cracker

[ krak-er ]
/ ˈkræk ər /

noun

adjective

crack·ers, Informal. wild; crazy: They went crackers over the new styles.

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Origin of cracker

First recorded in 1400–50; late Middle English craker; see crack, -er1; defs. 4, 5 were perhaps originally in sense “braggart,” applied to frontiersmen of the southern American colonies in the 1760s, though subsequently given other interpretations (cf. corn-cracker); for def. 11 crackers “crazy,” cf. cracked, -ers

usage note for cracker

The term cracker is used as a neutral nickname by inhabitants of Georgia and Florida; it is a positive term of self-reference. But when the nickname is used by outsiders, it is usually with disparaging intent and perceived as insulting by Georgians and Floridians. Cracker is always disparaging and offensive when used to refer to a poor white person in the South; the word in this sense often implies that the person is regarded as ignorant or uneducated. When used by Black people, cracker can refer to a Southern white racist, not necessarily poor or rural. See also Cracker State.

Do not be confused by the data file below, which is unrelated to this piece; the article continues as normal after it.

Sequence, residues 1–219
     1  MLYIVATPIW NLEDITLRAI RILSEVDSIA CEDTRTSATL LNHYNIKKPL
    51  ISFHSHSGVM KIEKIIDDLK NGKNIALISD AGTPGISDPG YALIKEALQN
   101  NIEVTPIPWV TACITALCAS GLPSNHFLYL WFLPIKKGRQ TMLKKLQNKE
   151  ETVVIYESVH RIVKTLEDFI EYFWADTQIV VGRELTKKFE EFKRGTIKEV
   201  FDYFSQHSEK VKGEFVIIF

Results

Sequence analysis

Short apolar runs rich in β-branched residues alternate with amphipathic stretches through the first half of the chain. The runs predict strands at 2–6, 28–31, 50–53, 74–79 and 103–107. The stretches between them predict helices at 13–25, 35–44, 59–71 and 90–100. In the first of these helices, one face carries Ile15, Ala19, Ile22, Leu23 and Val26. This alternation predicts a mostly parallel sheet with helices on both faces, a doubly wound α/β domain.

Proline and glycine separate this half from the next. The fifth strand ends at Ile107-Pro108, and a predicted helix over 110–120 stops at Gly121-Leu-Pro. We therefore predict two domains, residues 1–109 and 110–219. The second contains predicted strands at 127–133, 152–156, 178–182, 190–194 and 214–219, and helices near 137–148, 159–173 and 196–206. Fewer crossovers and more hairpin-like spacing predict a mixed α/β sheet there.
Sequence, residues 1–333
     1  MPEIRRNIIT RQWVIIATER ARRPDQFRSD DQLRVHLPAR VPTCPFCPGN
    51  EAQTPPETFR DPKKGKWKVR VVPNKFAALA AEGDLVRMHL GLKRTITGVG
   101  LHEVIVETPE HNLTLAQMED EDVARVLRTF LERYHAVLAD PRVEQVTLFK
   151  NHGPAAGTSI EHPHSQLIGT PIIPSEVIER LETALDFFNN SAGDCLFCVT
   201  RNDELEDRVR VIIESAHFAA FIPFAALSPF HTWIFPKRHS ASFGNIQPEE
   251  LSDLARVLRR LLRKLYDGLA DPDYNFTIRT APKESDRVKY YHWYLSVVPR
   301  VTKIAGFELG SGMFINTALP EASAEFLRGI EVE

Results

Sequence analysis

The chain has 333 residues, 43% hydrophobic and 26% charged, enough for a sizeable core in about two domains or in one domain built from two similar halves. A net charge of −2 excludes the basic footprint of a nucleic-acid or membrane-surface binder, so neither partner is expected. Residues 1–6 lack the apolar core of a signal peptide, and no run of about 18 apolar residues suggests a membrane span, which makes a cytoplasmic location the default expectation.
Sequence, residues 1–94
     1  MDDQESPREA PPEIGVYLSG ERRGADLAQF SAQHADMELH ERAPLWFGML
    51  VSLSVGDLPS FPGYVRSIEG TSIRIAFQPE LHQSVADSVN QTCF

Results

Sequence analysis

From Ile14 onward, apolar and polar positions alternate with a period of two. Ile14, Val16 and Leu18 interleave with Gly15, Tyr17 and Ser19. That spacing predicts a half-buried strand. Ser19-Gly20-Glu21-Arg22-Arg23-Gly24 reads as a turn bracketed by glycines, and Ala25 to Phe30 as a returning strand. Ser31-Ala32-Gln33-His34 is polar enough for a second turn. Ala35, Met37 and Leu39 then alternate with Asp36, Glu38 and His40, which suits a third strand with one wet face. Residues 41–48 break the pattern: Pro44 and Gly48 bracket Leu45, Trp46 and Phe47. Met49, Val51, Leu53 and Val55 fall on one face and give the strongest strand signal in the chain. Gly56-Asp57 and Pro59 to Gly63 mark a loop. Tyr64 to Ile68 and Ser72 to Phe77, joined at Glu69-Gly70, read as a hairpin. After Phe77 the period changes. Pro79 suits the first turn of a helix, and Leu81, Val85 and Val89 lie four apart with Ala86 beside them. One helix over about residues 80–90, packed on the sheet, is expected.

Dictionary.com Unabridged Based on the Random House Unabridged Dictionary, © Random House, Inc. 2020

Example sentences from the Web for cracker

British Dictionary definitions for cracker

cracker
/ (ˈkrækə) /

noun

Collins English Dictionary - Complete & Unabridged 2012 Digital Edition © William Collins Sons & Co. Ltd. 1979, 1986 © HarperCollins Publishers 1998, 2000, 2003, 2005, 2006, 2007, 2009, 2012